The most common side effects are dry mouth, constipation, dizziness, blurred vision, palpitations, mental confusion, low blood pressure, carbohydrate cravings with subsequent weight gain.

It is not recommended in older people.

Petasites (Butterbur)

Butterbur root extract appears to be effective for migraine prevention.

Butterbur is a toxic plant. Birth defects, liver damage and carcinogenesis are the major concerns.

Riboflavin (Vitamin B2)

Riboflavin is an option for those who are looking for more “natural” treatment. I personally see nothing natural in taking vitamin mega-doses.

This agent requires patience. It takes up to three months to work. The effective dose (400 mg per day) is 40 times of normal physiological dose.

It may cause light sensitivity. Wearing sun glasses in a bright sun is recommended. Other potential side effects are tingling and urine discoloration.

In one study 59% o0f patients reported improvement in headache frequency and severity. None of my patients has ever reported any headache improvement on high dose Riboflavin.

Coenzyme Q10
Co Q10 taken three times a day is reported to decrease the headache frequency in about half of migraineurs.
Botox injections

Botulinum toxin made an impressive run from being a feared food poison of the past to a revolutionary drug of the present. Botulinum toxin did make revolution in dystonia and spasticity treatment.

I, personally, do not feel thrilled about Botox use in migraine. In spite of popularity, the effectiveness of this treatment remains questionable. Clinical trials are inconclusive.

Acupuncture

Acupuncture is a viable option for any pain syndrome, migraine included. No superiority to other treatment options; cumbersome and hard to use long term.

Considering acupuncture acts upon the same brain receptors as narcotics and narcotics don’t work well on migraine, I am not optimistic about this approach.

Medications: Brand vs. Generic vs. Supplements

Brand Medications ARE BETTER. They have higher quality standards for the amount of both active and inactive ingredients. They are more predictable. Generic drugs are allowed to have +/- 20% bioavailability of the drug compared to the brand, according to the current regulations.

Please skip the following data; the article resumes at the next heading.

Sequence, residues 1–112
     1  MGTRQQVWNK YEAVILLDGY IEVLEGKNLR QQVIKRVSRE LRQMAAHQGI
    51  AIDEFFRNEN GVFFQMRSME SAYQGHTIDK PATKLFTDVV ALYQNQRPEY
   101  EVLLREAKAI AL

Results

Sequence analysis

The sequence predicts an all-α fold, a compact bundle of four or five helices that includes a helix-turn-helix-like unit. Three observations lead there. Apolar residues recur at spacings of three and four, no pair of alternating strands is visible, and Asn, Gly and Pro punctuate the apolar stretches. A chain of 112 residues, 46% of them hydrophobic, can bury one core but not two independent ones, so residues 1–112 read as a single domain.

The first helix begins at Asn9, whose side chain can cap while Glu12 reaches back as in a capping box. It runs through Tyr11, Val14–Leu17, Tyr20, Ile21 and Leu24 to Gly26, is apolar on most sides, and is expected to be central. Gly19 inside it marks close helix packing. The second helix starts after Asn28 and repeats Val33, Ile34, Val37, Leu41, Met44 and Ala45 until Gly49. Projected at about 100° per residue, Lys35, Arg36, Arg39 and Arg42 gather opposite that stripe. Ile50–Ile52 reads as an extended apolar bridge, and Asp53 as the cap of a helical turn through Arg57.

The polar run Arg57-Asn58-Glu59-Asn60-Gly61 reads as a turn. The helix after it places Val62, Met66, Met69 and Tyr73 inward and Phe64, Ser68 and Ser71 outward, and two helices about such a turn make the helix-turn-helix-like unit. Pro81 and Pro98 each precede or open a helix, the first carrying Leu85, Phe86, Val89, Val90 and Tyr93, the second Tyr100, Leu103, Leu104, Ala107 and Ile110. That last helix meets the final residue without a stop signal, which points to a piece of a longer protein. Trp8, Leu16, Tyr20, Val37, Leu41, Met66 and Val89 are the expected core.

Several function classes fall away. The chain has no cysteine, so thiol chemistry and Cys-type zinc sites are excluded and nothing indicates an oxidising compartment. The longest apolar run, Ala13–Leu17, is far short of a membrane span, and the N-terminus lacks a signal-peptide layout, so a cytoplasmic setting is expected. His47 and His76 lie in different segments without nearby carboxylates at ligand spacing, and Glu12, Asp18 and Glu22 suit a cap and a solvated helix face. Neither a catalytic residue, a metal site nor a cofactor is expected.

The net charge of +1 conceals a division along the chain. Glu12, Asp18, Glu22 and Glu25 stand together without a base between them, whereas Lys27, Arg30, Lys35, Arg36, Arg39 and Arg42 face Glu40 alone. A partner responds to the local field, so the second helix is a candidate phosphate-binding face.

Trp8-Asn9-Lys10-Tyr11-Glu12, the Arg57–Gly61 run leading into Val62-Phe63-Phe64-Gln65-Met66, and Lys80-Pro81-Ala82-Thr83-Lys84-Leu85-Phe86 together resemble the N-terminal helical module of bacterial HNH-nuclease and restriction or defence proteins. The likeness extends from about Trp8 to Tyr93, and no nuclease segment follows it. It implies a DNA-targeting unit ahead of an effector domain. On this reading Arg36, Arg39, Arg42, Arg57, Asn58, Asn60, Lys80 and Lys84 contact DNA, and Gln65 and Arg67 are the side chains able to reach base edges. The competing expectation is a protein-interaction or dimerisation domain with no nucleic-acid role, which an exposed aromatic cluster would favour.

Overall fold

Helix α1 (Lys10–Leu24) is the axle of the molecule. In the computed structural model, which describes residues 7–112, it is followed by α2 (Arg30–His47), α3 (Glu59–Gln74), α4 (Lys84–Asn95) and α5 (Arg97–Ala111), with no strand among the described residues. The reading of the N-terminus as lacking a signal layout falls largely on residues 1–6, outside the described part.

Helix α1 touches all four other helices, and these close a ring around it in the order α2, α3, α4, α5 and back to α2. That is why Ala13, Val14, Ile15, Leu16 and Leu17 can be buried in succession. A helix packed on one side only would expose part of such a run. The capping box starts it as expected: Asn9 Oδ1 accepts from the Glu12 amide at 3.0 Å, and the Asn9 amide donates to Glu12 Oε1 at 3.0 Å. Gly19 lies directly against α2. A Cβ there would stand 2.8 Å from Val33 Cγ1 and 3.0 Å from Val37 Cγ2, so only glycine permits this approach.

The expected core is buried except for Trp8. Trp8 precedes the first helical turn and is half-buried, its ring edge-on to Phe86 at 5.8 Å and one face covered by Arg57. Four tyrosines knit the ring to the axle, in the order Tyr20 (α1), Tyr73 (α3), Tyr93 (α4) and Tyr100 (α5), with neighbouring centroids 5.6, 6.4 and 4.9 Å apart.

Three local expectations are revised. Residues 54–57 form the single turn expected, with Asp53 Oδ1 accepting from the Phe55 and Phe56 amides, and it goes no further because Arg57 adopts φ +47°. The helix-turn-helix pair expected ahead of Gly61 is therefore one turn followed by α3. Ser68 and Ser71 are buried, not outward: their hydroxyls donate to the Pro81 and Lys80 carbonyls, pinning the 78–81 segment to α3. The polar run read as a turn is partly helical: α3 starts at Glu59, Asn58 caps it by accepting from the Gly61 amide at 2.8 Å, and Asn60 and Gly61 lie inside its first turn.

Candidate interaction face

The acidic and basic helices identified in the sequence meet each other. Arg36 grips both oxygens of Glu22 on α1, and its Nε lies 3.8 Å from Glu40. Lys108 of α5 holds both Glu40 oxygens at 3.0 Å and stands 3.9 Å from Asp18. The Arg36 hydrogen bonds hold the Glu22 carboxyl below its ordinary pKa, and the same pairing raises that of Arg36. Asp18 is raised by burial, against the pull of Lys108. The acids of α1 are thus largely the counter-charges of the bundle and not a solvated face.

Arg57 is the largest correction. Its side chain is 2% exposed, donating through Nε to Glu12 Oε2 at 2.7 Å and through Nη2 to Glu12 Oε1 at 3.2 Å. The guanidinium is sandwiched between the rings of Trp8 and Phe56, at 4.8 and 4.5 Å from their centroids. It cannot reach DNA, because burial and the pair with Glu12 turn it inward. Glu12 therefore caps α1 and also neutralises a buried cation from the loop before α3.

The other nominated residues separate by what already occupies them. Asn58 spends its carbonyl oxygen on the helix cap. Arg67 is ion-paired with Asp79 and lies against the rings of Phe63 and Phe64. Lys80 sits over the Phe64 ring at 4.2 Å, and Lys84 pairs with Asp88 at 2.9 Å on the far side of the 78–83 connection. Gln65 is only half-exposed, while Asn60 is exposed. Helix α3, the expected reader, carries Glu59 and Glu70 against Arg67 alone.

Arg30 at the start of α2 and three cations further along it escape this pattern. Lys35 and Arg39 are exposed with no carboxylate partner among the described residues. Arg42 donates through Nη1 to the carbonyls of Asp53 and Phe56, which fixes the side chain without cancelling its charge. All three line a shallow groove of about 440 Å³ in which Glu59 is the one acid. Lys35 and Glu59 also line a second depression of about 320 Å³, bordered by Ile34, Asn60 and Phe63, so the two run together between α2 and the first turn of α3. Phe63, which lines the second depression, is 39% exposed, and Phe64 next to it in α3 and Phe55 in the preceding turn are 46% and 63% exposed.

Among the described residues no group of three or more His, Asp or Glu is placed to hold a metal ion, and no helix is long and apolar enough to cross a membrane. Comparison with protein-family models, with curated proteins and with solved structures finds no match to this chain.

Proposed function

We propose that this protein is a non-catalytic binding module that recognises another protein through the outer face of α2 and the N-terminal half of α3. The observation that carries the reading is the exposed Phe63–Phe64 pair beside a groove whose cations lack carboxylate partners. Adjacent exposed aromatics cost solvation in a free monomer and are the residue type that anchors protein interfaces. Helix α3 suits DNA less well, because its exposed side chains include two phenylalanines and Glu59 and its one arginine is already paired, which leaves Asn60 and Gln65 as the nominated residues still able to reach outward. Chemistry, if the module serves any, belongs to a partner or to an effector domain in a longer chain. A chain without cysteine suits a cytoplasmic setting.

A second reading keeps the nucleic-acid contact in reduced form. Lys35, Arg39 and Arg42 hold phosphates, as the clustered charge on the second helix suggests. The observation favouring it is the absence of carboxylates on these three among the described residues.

Let’s say, you are taking Inderal LA 80mg once a day. If you change brand to generic form (Propranolol XR 80 mg), the amount your body will actually get is going to be equivalent the dose ranging from 65 mg to 95 mg. For the extended release (XR) forms it is even more complicated. If the active ingredient is not released steadily, you can get either too much or too little of it at some point of the day.

Genetic medications may stop working or produce new side effects after getting a new refill. The same generic medication is often made by different companies. Getting the drug from the previous manufacturer sometimes solves the problem.

Supplements are even less predictable. If Melatonin does not work for cluster headache, the next step is a trial of the same supplement from a different supplier.

Life Style, Triggers and Nutrition in Migraine

Life style modifications and nutrition have very limited value in migraine management. It is all about eliminating the migraine triggers. The importance of triggers in migraine is generally overstated. Triggers provoke migraine attacks only when they are meant to happen.

In some people, migraine can be triggered by insufficient or excessive sleep, long breaks between meals, some types of food ???, or strong emotions (no matter positive or negative).

Even if you place some migraine sufferer in a bubble and eliminate all the possible triggers, headache attacks will not stop. They will be just somewhat less frequent. Besides, no one wants to live in a bubble. If you know your triggers and you are able to avoid them – do it.

Moderate physical activity may decrease headache frequency. Strenuous exercise may provoke migraine attacks.

Any comments about this page will be greatly appreciated at doctorstrizhak@gmail.com Content copyright 2017. DOCTORSTRIZHAK.COM. All rights reserved.
Disclosure: This Web Site is intended for education purpose only. The information provided on this site must not be perceived as a guide for self-diagnosis or self-treatment. Every effort is made to keep the information current, but there are absolutely no guarantees of timely updates. By Andre Strizhak